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Suppose I have a two masses attached with a spring on ei either side and one of the masses is kept in contact to the wall like in this diagram with friction neglected everywhere.

enter image description here

Now when the wall is removed after equilibrium is set up then instantaneous ly the spring force remains the same and it accelerates m2 towards right.What I don't understand is how the mass m2 is experiencing a spring force even thought it is not deforming the spring..is the reason just that we are assuming it as a counter force against normal and that too equal to F. Can objects experience spring force without deforming the spring ?

Like if I was holding a spring with it's end free and my friend starts pushing t until he isn't able to....will I move in this situation or more carefully will I be always moving in this situation

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The spring force only shows up for linear springs like this when the spring is in expansion or compression.

Spring force is a resistance to deformation, so the spring has to be deformed from it's resting length for it to provide a spring force.

Consider the net force on the spring. If it didn't have two opposite forces acting on it, it wouldn't compress or extend, it would just be pushed by the force and move like every other object being moved by a single force.

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  • $\begingroup$ So the two forces have to be opposite to justify the compression of spring.....that makes a lot of sense and this thought will be major help in solving spring questions $\endgroup$ – Abhinav Jul 19 '18 at 10:30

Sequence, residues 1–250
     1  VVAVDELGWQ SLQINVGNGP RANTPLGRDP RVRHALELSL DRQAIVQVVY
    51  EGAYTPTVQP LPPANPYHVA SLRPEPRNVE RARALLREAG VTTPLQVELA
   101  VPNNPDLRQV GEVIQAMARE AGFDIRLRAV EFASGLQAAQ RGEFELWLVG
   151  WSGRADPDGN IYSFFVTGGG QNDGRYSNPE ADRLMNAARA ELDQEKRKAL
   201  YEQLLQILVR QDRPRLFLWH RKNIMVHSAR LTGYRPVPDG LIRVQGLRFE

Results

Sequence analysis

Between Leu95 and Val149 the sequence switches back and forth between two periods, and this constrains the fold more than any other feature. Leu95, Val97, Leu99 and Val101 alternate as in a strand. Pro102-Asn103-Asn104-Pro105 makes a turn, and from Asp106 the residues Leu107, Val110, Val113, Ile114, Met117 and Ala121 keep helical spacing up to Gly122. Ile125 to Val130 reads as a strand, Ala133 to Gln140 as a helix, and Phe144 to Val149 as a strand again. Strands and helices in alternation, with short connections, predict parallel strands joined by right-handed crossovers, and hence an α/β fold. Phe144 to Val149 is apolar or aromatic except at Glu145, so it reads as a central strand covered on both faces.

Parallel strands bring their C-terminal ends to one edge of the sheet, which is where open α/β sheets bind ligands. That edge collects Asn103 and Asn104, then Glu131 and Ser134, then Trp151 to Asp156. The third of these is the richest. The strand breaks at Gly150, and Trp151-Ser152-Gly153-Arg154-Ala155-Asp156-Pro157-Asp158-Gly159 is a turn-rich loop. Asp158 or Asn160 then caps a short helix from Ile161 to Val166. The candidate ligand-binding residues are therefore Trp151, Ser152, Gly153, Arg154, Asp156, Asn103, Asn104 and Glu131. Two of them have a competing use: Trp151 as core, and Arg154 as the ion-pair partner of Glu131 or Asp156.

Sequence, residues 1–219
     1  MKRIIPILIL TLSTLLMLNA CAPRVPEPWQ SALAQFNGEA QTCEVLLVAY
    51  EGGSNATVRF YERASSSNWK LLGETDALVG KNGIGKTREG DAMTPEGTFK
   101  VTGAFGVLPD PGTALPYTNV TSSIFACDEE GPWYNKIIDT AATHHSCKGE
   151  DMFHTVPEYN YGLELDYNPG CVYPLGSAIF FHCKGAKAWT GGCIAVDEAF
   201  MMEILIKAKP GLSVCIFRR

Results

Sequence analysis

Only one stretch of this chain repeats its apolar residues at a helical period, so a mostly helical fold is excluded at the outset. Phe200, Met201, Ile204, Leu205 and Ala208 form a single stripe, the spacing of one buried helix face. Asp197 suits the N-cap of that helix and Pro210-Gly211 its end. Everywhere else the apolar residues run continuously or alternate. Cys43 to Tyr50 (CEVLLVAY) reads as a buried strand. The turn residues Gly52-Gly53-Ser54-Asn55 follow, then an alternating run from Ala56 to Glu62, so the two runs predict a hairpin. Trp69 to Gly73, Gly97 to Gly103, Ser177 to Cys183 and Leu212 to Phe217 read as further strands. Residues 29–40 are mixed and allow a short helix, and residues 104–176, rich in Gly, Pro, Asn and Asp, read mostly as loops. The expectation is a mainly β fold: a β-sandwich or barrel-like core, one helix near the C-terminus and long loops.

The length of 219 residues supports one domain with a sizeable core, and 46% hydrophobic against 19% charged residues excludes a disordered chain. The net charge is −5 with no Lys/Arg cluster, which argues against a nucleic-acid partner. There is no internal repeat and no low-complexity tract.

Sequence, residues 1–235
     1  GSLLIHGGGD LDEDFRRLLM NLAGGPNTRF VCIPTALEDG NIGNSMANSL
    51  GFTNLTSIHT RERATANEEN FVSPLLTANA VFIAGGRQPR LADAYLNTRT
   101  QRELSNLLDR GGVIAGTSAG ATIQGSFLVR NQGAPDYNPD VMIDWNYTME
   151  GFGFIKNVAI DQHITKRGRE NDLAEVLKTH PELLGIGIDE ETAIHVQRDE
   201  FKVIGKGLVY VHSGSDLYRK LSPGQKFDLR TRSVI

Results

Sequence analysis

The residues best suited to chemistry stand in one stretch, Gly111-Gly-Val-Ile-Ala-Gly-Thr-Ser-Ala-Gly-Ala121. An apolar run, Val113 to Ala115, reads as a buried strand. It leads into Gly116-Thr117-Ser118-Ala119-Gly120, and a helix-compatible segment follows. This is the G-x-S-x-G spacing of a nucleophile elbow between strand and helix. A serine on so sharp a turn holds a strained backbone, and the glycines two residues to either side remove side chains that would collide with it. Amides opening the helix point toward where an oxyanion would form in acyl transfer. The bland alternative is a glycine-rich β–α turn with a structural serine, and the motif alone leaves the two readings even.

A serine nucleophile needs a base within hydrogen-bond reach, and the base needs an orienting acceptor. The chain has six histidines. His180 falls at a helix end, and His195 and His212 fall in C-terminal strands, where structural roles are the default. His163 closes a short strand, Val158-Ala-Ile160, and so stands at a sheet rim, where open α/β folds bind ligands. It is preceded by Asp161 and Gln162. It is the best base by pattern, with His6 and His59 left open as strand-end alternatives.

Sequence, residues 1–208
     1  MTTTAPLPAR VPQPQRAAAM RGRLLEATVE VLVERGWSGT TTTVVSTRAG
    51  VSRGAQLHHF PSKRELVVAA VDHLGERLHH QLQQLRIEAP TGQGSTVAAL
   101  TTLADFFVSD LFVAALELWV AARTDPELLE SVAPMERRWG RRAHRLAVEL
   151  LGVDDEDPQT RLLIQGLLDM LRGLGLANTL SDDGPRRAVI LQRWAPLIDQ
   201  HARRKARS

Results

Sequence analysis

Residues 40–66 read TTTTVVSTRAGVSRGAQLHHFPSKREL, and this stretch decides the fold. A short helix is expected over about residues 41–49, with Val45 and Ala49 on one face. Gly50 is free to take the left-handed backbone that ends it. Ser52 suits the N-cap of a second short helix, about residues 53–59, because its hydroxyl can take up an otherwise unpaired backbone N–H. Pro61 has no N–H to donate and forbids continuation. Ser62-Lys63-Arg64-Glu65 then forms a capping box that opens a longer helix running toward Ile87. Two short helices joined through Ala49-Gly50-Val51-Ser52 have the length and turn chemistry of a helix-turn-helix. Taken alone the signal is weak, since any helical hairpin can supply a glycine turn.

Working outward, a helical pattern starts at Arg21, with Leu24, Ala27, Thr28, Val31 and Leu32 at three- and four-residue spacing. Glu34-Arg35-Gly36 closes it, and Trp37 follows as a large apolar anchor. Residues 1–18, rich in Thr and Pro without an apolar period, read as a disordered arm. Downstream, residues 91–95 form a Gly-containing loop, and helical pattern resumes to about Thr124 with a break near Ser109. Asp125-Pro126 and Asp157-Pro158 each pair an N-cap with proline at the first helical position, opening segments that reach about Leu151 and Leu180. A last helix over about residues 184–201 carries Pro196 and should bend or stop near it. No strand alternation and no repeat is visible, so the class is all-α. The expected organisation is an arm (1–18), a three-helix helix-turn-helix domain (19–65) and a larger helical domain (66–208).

• $\begingroup$ But how can I relate between the magnitude of forces on the springs which is compressing it....Of course they will be equal in equilibrium but what can we say before equilibrium $\endgroup$ – Abhinav Jul 19 '18 at 10:33
  • $\begingroup$ Before equilibrium, you would have your spring force (which is like an internal force for the entire spring-mass system) and your net force acting on the system as a whole. The balanced spring force can determine the distance between the masses, and the additional net force that isn't balanced would determine how the whole system accelerates. $\endgroup$ – JMac Jul 19 '18 at 10:47
  • $\begingroup$ Before equilibrium if the spring is accelerating then how come it is compressing too...like you said the additional net force that isn't balanced would determine how the whole body accelerate.... I am sorry for asking this silly doubt but I am not getting the big picture like what is the cause of the force acting on the spring which is making it compress instead of moving like you said it should if pushed by a single force $\endgroup$ – Abhinav Jul 19 '18 at 11:39
  • $\begingroup$ It’s hard to tell from your picture and description IMO, but it looks like m2 is attached to the wall at first, and there’s tension being held in the spring from the force compressing it. Once the wall is removed, there’s nothing holding the compression anymore, and the spring extends (and starts accelerating due to applied forces). $\endgroup$ – JMac Jul 19 '18 at 11:56
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In the beginning the free body diagrams for each of the components in your question are as shown below.

enter image description here

All you need to do is now remove the force on mass $2$ due to the wall $F_{\rm 2w}$ to see which forces are left.

Another way of looking at the system is to imagine that $m_1 \gg m_2$ and so when the force due to the wall was removed mass $1$ would have a very small acceleration, ie would hardly move at all, and mass $2$ would move much more than mass $1$ because the compressed spring is trying to expand.
So the spring must be exerting a force on mass $2$.

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  • $\begingroup$ At any finite instant after wall is removed would. F s1 and F s2 would be equal........would this mean the spring will remain at rest but would be accelerating m2 and the magnitudes of F s1 and Fs2 would change but remain equal How can I calculate this new magnitude if this is true $\endgroup$ – Abhinav Jul 19 '18 at 23:33

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